How to prepare
When applying for a job prepare for the unexpected. Phone interviews are becoming increasingly popular as a means of narrowing down candidates for a more traditional face to face interview.
Supporting notes and documentation
At a minimum have have a pen and paper accompanied by your resume next to the phone. A phone interview can really put you in an advantage. The reason is that you can refer to any paper work whilst on the phone. Consider composing a 'cheat sheet'. This could include company information, what you could bring to the role, interview question responses and anything else to prompt you along. Keep your calendar / date book close by also as you may need to confirm your upcoming schedule. The aim here to to come across as a well informed and organised. Being prepared in this way will increase your chances of being invited for a face to face interview.
Have questions ready
A great way to show your interest in the position is to consider preparing a few intelligent questions to ask the interviewer. Keep your questions open and friendly. Try not to sound as though your reading them from paper in front of you. See also What questions to ask the interviewer.
Let people know
If you have supplied a fixed line number as a contact be sure to brief any persons likely to answer on your behalf. Explain to them the importance of your job application and how their phone manner may have an impact on the interviewer.
Using a voice mail service is a great way for an interviewer to leave a brief message. Consider a short professional greeting no more than 15 seconds. Avoid voice mail jokes or background music.
Try your best to create a great first impression
When answering your telephone be sure to use a warm friendly greeting.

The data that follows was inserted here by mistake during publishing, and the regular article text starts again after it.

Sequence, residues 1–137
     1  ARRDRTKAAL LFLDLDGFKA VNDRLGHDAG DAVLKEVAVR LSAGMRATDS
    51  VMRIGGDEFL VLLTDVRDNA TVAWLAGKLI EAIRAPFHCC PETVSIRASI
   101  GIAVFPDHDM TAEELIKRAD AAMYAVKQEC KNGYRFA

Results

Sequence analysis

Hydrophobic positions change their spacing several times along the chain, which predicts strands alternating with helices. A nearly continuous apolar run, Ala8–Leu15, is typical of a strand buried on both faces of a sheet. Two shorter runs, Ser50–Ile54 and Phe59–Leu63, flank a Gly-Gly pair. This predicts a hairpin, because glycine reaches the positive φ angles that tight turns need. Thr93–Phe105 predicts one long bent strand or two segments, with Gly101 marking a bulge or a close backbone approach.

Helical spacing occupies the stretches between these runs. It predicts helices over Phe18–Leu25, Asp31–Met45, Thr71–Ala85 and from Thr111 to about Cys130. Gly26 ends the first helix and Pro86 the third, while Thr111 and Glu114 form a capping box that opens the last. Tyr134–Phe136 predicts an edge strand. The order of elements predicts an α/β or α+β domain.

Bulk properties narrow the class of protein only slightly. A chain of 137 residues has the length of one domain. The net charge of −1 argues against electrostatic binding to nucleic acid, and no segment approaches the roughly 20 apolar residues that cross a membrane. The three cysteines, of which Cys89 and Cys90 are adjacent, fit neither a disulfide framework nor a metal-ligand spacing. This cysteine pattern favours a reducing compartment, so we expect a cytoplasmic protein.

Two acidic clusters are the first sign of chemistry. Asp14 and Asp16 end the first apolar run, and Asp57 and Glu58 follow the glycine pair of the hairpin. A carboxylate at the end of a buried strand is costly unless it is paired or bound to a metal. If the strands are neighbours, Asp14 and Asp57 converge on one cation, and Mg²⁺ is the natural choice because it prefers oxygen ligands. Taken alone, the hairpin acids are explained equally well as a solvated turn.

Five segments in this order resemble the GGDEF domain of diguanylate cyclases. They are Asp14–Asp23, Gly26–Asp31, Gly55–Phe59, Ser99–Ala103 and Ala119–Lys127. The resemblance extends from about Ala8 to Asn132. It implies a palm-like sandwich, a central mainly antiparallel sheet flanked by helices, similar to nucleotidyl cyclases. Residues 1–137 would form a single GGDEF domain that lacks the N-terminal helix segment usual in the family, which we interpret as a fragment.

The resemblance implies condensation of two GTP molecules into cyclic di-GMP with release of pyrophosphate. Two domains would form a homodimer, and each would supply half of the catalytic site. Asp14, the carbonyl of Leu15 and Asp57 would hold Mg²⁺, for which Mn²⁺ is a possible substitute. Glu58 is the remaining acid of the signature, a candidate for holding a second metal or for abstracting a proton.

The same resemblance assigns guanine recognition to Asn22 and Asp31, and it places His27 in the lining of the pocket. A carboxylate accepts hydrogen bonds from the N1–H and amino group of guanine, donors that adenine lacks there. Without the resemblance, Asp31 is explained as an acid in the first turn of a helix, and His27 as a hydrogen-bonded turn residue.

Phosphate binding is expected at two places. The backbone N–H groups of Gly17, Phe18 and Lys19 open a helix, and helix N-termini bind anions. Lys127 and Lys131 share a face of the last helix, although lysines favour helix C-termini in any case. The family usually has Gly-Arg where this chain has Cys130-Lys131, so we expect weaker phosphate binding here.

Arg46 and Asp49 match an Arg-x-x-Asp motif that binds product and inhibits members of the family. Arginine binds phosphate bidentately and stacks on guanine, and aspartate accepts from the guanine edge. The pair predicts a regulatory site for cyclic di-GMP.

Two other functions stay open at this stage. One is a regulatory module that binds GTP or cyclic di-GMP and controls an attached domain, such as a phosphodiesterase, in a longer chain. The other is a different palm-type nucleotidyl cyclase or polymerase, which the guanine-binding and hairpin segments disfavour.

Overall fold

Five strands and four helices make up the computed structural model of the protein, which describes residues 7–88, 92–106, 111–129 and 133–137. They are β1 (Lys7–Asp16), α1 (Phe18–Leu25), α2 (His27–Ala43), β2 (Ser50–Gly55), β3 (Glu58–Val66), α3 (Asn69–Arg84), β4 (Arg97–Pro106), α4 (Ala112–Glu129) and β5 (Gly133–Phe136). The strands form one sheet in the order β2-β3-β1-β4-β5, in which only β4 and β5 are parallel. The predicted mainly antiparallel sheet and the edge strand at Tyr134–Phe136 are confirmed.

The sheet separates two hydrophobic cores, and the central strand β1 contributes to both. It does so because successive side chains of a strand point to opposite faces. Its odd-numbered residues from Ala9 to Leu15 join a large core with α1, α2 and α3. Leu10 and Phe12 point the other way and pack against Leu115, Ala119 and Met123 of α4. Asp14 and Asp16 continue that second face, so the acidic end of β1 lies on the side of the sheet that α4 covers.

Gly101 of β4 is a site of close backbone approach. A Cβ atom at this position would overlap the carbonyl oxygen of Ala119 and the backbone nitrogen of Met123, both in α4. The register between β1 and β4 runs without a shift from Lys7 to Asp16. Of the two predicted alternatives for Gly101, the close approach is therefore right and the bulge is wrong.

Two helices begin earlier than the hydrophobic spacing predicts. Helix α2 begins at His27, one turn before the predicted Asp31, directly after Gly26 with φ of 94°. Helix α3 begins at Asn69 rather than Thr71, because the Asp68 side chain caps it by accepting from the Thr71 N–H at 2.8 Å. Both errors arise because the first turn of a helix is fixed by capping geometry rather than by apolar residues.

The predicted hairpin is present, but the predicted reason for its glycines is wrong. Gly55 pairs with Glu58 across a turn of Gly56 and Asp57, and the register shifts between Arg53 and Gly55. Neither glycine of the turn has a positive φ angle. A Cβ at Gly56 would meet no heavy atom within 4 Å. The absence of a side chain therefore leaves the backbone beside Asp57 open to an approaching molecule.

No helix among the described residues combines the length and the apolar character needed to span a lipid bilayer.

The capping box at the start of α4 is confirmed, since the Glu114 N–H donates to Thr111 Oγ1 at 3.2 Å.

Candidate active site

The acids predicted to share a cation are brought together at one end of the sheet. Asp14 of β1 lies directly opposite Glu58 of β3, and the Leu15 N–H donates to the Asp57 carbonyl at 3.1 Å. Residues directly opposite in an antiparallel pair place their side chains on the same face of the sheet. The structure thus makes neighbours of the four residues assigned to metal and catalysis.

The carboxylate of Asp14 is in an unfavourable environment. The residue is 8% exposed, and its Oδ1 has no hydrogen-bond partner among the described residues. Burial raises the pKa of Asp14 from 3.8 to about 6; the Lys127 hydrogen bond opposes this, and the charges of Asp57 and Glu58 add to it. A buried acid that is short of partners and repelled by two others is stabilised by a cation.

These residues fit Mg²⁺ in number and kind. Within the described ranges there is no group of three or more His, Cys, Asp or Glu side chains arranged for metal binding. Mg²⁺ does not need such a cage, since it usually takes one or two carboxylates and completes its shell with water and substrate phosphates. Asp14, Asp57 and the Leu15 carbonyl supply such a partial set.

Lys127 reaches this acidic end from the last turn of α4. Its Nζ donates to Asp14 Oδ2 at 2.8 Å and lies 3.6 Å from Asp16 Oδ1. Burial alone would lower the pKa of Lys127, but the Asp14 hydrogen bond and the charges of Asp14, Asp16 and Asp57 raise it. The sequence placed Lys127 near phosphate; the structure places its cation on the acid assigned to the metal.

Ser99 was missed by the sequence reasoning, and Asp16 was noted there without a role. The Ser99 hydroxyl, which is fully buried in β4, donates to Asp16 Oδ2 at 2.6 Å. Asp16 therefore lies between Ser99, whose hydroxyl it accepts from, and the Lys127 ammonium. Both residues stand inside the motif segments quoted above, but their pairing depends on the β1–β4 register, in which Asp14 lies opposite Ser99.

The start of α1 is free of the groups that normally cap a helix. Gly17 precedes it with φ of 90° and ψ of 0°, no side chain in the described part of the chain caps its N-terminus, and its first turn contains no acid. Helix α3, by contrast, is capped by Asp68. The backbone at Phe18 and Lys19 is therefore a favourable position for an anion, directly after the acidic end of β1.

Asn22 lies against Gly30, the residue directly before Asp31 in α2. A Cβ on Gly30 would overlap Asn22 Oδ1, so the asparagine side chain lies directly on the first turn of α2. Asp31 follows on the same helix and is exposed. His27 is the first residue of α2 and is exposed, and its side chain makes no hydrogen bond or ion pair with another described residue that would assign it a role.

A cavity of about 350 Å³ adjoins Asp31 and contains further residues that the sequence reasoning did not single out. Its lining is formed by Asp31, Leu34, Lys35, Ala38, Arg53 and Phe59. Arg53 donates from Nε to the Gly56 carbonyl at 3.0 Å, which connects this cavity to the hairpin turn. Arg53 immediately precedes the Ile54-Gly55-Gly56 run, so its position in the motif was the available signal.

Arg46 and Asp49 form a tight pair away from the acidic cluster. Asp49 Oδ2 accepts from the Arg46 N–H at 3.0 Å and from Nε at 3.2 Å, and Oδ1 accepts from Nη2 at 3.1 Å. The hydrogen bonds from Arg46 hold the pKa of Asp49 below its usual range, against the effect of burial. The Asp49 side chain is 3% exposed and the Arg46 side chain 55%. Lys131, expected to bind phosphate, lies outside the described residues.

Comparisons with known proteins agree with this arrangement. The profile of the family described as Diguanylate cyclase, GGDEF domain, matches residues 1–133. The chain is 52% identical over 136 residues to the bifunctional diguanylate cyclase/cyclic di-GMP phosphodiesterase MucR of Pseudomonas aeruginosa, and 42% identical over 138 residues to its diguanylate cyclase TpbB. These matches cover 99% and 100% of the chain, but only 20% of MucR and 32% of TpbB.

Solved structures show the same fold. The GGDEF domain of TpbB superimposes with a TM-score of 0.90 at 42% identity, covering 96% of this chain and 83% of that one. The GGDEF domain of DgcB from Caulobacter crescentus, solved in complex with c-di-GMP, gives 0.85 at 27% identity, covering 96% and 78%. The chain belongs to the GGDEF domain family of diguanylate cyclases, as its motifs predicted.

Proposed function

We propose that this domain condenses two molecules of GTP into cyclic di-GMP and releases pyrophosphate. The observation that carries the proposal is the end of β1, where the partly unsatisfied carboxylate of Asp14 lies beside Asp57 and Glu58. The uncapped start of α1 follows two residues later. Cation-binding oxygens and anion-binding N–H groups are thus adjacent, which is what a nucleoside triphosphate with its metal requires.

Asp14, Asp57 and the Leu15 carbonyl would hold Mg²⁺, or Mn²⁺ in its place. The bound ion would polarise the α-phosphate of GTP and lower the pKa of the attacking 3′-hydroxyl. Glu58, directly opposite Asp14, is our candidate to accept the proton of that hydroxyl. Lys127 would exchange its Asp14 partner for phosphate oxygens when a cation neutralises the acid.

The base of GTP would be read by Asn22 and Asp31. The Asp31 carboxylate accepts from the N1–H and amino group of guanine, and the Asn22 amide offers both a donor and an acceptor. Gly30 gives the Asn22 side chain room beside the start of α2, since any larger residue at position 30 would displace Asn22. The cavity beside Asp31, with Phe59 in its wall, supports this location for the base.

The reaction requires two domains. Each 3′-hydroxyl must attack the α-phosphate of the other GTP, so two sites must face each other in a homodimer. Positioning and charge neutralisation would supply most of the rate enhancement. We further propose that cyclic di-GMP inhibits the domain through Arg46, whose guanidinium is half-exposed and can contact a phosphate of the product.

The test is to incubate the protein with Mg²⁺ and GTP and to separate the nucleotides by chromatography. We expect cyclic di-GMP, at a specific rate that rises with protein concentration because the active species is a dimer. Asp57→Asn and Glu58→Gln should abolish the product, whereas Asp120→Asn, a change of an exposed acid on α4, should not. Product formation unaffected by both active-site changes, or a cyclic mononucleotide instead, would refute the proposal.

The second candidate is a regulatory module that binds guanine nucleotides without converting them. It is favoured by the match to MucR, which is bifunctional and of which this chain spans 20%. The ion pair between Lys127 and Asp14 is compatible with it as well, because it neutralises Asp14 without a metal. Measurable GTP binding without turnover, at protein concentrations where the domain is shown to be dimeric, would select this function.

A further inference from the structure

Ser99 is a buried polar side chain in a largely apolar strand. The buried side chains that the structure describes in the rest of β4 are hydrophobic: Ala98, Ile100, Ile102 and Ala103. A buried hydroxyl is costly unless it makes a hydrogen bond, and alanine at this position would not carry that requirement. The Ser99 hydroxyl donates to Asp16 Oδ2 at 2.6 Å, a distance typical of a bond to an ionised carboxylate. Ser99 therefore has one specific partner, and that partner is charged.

On the phone your tone and manner can be effected by your body language . At a minimum smile. Don't slouch or lounge around while on the phone. This will most certainly have an impact as to how you are interpreted.
Use your interviews name on the throughout the call to build up a good rapport.
When on the phone be sure to speak clearly. To avoid distortion leave a two finger space between your mouth and handset.
If you are unable to hear the interviewer consider the following line: 'I'm having a little trouble hearing you. Can you hear me clearly?'
Towards the end of the call remember to thank the interviewer for his or her call.
Where possible hang up last. Hanging up early or abruptly may given an impression that you are in a hurry or disinterested. Obviously if your interviewer doesn't hang up after at least 3 seconds of saying good bye do hang up first.
After the phone interview
If applicable write down any important information discussed for future reference.
Where appropriate send a thank letter. This could be in the form of a email or depending on the depth of the phone interview you may consider sending a traditional thank you letter via post.